WORTHINGTON — Beginning Wednesday, Minnesota's restaurants and bars were allowed to reopen for dine-in service at half capacity, per a gubernatorial executive order.
Local eateries are using a number of strategies to adjust to the new normal. Forbidden Barrel Brewing Co. owners Brent and Cheryl Droll were ecstatic to be able to welcome the community back inside their Third Avenue brew pub.
The Drolls offered drive-up and carryout service of food and beer during the mandatory shutdown, but they missed hosting their clientele.
"It's nice to be able to open back up again," Brent said.
"Our customers have been amazing," Cheryl added. "We've had really, really good support."
In accordance with Gov. TIm Walz's orders, Forbidden Barrel has taken a number of safety precautions to reduce the spread of COVID-19. It's allowed to have half-capacity — 62 seats — inside and up to 250 outside (there is space for 40 to 50 persons), and groups have to be seated at least six feet apart from each other. Staff members wear masks. Extra cleaning and sanitizing is planned into the daily routine.
The downtime allowed the Drolls and their staff to experiment with new menu items. With an additional license, they are excited to offer smoked and grilled meats on Saturdays this summer. Brent did a tap takeover, filling all the brewery's taps with Forbidden Barrel beers.
They also hope to host live music and other events again soon, balancing safety with service.
"I want it to feel like an experience," Cheryl said, "like people are going out and being human again."
Other restaurants have unique needs that alter their reopening requirements.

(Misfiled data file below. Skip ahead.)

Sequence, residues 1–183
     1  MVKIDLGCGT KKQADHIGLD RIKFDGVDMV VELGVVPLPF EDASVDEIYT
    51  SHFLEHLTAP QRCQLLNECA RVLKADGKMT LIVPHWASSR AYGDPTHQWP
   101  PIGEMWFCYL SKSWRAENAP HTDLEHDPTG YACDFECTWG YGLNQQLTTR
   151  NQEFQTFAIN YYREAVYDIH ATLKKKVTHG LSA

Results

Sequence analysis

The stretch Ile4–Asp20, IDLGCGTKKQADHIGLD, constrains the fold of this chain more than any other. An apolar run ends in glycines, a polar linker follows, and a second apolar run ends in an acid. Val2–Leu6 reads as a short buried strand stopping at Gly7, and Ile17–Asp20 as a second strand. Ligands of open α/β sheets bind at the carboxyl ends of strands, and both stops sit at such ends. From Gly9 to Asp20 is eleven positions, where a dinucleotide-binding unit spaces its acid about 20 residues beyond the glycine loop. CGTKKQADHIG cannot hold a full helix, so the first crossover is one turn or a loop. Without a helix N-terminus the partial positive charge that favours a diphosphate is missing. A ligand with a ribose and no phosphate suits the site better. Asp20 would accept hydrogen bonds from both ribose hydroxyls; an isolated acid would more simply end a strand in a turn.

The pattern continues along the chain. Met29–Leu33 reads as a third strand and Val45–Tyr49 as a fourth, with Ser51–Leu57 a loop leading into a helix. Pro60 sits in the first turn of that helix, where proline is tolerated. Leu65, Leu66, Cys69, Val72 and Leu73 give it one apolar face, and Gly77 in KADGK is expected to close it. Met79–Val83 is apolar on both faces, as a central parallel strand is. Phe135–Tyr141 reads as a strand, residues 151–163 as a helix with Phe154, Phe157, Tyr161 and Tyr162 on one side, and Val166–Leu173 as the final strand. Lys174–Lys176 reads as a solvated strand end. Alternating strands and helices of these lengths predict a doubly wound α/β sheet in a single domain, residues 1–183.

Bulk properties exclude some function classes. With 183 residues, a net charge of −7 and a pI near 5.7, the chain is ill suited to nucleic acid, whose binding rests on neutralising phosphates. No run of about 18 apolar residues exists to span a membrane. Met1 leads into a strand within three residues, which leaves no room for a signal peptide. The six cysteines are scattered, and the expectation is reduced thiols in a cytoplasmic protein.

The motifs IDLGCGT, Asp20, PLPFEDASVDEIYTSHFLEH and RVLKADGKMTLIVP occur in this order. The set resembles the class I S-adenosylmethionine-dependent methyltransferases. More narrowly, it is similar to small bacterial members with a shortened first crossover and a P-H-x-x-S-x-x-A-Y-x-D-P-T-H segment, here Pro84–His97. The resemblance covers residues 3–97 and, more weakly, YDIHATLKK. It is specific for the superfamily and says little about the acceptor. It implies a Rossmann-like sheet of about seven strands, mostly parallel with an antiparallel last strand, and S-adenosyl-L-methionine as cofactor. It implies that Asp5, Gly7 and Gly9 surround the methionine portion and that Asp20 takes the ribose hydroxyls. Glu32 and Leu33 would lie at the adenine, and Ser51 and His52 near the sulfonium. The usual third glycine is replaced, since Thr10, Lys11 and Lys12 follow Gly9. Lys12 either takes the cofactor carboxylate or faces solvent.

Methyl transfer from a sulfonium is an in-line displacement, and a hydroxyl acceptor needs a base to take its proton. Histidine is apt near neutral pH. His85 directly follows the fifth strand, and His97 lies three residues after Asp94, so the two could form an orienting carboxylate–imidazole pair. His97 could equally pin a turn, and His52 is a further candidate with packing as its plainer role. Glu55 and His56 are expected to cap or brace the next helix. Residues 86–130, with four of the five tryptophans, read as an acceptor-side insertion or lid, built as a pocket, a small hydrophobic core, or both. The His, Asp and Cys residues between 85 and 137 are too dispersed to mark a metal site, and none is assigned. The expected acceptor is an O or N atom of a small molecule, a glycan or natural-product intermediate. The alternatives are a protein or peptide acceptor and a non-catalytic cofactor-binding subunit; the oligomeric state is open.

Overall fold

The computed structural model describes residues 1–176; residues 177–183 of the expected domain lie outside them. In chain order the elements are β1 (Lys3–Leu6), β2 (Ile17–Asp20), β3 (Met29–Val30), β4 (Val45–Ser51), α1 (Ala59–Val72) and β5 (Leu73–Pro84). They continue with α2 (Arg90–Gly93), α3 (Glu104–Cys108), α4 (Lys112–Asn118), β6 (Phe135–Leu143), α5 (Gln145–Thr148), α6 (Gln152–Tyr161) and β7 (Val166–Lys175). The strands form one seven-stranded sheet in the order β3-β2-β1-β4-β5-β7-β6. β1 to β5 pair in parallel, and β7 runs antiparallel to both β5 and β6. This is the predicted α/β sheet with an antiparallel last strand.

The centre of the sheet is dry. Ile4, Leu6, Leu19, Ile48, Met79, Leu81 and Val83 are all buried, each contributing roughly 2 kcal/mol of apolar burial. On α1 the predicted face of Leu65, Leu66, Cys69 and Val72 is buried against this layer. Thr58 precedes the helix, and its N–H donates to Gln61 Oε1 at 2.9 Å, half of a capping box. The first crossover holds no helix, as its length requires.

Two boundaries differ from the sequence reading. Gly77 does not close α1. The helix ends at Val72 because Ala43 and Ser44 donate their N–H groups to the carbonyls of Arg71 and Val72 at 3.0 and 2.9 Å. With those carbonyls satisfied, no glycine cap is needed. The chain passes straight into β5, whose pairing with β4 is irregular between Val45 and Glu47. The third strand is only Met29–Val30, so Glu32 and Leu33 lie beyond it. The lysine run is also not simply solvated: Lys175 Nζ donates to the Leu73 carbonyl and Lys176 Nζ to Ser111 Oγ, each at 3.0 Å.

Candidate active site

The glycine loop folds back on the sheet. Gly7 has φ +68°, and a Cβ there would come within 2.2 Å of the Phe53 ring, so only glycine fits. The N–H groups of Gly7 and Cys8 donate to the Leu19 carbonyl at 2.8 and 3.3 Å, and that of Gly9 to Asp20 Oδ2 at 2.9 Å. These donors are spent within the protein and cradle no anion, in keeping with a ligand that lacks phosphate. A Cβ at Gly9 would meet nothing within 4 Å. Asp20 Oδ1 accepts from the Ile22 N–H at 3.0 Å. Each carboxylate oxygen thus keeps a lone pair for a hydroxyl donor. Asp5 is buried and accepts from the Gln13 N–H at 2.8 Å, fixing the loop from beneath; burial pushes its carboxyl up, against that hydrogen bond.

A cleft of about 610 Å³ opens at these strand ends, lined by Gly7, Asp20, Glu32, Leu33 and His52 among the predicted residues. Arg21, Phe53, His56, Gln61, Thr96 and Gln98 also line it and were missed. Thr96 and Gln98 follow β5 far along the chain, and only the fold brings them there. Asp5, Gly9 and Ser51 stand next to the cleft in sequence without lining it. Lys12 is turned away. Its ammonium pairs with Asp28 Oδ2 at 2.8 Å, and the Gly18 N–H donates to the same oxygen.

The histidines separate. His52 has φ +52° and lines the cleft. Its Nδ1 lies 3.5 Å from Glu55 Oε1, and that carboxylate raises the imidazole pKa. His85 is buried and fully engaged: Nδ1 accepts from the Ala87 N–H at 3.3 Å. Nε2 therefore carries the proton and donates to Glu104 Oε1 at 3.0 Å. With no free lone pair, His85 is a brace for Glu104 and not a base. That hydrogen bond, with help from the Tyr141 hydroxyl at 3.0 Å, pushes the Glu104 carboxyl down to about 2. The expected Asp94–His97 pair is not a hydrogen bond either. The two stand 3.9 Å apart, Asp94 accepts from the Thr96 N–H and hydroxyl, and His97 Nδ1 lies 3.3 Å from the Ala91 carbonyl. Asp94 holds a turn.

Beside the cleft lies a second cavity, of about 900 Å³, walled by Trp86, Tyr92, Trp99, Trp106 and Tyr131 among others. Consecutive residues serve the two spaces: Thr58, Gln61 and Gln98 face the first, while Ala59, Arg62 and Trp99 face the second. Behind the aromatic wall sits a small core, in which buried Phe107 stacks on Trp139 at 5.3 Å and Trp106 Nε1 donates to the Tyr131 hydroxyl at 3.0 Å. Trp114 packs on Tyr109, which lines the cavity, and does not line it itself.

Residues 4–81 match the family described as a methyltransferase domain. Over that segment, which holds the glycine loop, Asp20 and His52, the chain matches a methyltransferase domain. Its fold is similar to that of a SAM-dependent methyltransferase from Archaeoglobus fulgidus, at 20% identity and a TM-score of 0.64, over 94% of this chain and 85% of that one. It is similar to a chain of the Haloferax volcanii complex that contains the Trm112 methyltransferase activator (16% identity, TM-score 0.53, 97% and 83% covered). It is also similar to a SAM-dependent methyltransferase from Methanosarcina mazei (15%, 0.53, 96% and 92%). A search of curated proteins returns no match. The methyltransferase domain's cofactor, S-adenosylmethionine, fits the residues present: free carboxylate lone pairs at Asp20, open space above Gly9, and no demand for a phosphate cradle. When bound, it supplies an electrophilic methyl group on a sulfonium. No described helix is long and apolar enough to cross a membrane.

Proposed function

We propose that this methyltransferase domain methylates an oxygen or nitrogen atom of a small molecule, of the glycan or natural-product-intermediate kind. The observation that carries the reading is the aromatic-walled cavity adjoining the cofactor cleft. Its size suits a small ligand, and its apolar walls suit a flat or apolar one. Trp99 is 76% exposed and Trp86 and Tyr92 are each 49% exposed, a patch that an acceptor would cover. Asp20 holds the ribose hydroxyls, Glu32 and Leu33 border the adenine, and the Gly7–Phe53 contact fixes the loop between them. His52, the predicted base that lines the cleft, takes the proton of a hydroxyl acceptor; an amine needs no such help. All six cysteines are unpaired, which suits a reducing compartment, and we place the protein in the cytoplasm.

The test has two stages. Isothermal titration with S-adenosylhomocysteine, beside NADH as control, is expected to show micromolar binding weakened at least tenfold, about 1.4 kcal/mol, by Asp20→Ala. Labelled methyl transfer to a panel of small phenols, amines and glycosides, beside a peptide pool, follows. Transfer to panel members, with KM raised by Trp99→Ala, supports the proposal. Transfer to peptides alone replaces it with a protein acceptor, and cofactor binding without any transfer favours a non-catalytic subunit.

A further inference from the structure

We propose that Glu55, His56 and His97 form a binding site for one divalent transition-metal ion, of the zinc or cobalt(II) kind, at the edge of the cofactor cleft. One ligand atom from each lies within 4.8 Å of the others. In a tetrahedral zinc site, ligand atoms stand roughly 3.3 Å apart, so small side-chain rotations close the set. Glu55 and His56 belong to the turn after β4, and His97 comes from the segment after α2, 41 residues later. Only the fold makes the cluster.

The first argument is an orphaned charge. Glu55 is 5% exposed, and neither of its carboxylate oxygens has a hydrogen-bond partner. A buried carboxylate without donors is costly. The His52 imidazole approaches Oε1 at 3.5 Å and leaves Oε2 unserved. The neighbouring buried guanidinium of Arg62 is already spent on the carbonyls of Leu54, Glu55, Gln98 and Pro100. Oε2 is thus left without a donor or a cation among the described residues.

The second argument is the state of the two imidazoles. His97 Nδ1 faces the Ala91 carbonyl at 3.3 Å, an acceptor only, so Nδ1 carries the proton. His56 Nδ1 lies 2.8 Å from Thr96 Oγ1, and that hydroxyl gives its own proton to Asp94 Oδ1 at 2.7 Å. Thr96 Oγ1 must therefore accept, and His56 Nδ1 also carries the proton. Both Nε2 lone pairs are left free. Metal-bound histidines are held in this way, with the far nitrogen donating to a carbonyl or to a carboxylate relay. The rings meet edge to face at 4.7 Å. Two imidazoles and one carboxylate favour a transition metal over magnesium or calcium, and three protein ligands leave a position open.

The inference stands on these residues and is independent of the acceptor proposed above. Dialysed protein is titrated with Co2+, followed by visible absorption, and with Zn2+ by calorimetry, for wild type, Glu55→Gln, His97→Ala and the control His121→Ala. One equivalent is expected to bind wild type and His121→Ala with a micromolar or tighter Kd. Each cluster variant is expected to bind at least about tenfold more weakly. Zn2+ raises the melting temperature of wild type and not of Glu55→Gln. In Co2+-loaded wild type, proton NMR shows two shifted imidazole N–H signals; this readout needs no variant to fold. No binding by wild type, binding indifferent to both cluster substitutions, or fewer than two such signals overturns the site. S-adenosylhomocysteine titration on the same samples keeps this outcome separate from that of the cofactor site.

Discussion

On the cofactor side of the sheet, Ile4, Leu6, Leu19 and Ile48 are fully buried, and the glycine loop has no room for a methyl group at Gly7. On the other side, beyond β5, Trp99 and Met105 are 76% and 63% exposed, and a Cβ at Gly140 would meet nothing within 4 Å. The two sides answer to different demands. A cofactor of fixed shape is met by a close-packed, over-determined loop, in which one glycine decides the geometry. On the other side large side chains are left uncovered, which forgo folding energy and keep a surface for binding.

While Worthington's Pizza Ranch was able to open for dine-in service Wednesday, the eatery won't offer its ever-popular buffet until Monday, assistant general manager Trenton Groeneweg said.
When the buffet does resume, it will be a contactless buffet — "cafeteria style," as Groeneweg described it. Restaurant staff in masks and gloves will stand on one side of the buffet and serve the items to customers as they come through the line. When dirty dishes are returned, they will be washed immediately, and one employee's singular role will be to sanitize every dish and surface.
"People are really looking forward to our buffet reopening," Groeneweg said, adding that restaurant staff are equally excited to be back to work.
For Ground Round, permission to reopen came as a surprise. Owner/operator Bob Rieckhoff explained that during the weeks of shutdown, he has been working to remodel the restaurant's kitchen. Just last week, he ordered a new cooler to replace one that was at the end of its life. The Friday executive order didn't give him enough time to be ready to reopen Wednesday.
Once the remodel is complete, Rieckhoff said he will spend several days training his staff on the new state safety requirements that come with reopening.
"We need to make sure the staff is safe and the customers are safe," he said.
Rieckhoff hopes to reopen in the next couple of weeks.